In a construction project, it is customary to prepare a punch list of work that still needs to be done, or re-done. In the years since ProjectVRM started in 2006, a lot of work has been done (and re-done) in many  VRM categories, each adding to   a long list on our wiki.  This  list looks at VRM work through the prism of wants and needs, with an eye toward what still needs to be done. In other words, a punch list.

Our view here is from what individuals want and need, rather than from what developers provide.  The links go to projects or writings that report on work toward each of those wants and needs. As work proceeds, we’ll update it often. So please  feel free to help us improve it.

  1. Make companies agree to our terms, rather than the other way around.
  2. Control our own self-sovereign identities, and give others what little they need to know about us on an as-needed basis.
  3. Get rid of logins and passwords.
  4. Change our surname or our home address in the records of every organization we deal with, in one move.
  5. Pay what we want, where we want, for whatever we want, in our own ways.
  6. Call for service or support in one simple and straightforward way of our own, rather than in as many ways as there are 800 numbers to call and punch numbers into a phone before we wait on hold while bad music plays.
  7. Express loyalty in our own ways, which are genuine rather than coerced.
  8. Have an Internet of MY Things, which each of us controls for ourselves, and in which every thing we own has its own cloud, which we control as well.
  9. Own and control all our health and fitness records, and how others use them.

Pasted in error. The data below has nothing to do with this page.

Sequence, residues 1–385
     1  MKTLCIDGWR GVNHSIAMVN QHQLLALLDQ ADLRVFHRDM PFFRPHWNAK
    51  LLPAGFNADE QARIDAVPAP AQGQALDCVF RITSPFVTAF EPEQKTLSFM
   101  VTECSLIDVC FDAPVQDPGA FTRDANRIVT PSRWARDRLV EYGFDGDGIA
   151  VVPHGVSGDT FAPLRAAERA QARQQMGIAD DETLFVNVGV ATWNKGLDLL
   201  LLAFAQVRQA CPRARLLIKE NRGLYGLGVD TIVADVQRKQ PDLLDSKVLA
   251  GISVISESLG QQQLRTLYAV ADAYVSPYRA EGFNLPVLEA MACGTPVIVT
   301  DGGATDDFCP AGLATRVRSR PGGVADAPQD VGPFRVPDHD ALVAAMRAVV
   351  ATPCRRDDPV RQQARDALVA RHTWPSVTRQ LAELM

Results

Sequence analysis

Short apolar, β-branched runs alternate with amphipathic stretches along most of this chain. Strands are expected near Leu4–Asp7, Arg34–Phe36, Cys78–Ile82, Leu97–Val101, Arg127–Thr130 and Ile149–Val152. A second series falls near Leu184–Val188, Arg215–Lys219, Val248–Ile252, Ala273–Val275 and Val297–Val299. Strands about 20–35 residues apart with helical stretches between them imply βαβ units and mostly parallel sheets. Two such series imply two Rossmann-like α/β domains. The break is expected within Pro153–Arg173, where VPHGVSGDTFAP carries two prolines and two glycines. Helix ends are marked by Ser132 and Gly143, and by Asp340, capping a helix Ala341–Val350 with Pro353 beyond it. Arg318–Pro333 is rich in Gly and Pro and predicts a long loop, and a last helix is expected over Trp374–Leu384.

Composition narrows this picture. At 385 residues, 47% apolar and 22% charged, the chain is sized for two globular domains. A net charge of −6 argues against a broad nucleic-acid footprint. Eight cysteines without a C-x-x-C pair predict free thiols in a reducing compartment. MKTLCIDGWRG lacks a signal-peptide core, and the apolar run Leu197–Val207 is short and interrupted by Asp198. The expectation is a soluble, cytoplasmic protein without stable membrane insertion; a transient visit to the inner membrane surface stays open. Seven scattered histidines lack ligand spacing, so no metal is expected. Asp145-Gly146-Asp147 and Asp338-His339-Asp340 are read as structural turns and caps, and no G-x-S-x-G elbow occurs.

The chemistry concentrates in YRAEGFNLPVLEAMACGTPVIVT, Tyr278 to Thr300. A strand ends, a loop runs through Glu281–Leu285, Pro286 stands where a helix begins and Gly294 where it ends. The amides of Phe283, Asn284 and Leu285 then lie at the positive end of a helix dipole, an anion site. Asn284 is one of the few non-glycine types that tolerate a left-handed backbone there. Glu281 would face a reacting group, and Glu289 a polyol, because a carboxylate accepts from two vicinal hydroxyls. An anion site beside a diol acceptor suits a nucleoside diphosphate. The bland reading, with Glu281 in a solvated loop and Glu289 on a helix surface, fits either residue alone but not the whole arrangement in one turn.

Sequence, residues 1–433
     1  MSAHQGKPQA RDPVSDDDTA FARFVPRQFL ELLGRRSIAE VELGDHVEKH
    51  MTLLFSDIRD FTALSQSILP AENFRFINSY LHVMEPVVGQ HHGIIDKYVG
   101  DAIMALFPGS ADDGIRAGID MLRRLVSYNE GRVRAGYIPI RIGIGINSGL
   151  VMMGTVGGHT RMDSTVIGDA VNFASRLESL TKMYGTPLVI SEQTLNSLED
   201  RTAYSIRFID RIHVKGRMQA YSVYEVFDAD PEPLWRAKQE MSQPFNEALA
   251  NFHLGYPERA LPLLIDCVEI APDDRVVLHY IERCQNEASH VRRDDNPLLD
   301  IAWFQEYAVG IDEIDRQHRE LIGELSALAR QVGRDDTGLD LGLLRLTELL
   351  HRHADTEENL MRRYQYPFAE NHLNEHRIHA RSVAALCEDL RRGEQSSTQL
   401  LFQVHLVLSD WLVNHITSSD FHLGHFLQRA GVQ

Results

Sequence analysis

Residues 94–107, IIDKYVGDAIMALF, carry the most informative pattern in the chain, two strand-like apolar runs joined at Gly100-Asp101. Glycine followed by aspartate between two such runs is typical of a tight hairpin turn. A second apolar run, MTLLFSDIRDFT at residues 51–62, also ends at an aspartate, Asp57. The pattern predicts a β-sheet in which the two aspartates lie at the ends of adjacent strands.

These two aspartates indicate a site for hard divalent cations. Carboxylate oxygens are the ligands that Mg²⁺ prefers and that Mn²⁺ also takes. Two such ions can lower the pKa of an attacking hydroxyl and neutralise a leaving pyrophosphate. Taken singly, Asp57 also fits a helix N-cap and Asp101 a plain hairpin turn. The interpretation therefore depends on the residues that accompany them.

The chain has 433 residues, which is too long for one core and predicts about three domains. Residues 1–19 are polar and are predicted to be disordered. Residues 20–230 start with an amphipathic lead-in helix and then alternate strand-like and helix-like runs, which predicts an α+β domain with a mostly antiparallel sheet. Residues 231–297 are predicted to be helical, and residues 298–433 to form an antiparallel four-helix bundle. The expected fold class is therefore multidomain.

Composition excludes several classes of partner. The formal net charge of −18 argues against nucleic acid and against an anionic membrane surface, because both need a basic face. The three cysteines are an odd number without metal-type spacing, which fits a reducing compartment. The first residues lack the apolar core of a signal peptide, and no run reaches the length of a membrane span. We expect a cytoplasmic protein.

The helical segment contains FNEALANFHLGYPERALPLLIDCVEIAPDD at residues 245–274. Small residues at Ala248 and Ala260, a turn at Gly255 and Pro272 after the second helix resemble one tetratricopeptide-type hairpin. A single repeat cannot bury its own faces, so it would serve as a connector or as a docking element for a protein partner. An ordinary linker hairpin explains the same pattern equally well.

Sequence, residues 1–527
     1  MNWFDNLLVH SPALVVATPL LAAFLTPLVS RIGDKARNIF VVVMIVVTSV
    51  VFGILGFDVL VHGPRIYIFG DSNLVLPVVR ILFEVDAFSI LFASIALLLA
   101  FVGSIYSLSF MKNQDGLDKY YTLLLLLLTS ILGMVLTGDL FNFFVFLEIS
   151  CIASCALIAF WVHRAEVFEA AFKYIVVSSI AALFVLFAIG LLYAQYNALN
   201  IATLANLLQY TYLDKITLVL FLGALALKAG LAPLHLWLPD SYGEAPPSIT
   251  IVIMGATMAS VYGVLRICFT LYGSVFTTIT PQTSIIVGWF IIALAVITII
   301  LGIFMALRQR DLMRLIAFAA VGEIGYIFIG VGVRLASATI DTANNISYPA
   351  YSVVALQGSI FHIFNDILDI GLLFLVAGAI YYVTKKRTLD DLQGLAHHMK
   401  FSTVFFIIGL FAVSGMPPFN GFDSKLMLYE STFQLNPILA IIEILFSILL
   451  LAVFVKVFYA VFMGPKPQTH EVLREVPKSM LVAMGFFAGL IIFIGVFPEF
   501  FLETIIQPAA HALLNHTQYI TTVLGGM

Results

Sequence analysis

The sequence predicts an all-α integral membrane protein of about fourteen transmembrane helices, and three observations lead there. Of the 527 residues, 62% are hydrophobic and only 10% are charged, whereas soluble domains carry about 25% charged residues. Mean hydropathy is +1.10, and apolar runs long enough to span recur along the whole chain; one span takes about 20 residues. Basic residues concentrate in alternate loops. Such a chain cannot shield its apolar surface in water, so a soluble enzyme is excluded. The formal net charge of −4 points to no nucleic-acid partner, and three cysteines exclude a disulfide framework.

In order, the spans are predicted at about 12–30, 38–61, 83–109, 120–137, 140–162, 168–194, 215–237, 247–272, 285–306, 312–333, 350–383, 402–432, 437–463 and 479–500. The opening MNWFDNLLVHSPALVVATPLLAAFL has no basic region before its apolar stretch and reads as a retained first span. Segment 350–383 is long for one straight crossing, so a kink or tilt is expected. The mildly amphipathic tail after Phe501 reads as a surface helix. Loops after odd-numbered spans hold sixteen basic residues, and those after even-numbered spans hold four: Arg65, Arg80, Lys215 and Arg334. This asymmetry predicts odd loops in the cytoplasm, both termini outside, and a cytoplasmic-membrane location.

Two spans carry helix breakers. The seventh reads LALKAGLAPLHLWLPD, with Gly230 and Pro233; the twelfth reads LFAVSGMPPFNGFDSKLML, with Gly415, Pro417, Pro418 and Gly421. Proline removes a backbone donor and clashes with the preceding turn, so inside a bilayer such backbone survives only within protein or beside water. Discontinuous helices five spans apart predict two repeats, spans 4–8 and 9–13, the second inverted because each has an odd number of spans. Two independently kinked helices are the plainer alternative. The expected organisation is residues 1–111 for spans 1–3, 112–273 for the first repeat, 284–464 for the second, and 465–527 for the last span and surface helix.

10. generously sharing helpful facts about how we use their products and services — but in our own ways, through standard tools that work the same for every company we deal with.
  11. Have wallets of our own, rather than only those provided by platforms.
  12. Have shopping carts of our own, which we can take from store to store and site to site online, rather than being tied to ones provided only by the stores themselves.
  13. Have personal devices of our own (such as this one) that aren’t cells in a corporate silo, or suction cups on corporate tentacles. (Alas, that’s what we still have with all Apple iOS phones and tablets, and all Android devices with embedded Google apps.)
  14. Have real relationships with companies, based on open standards and code, rather than relationships trapped inside corporate silos.
  15. Remake education around the power we all have to teach ourselves and learn from each other, making optional at most the formal educational systems built more for maintaining bell curves than liberating the inherent genius of every student.

The photo above is of a family building their summer home, in New Jersey’s pine barrens, in 1949.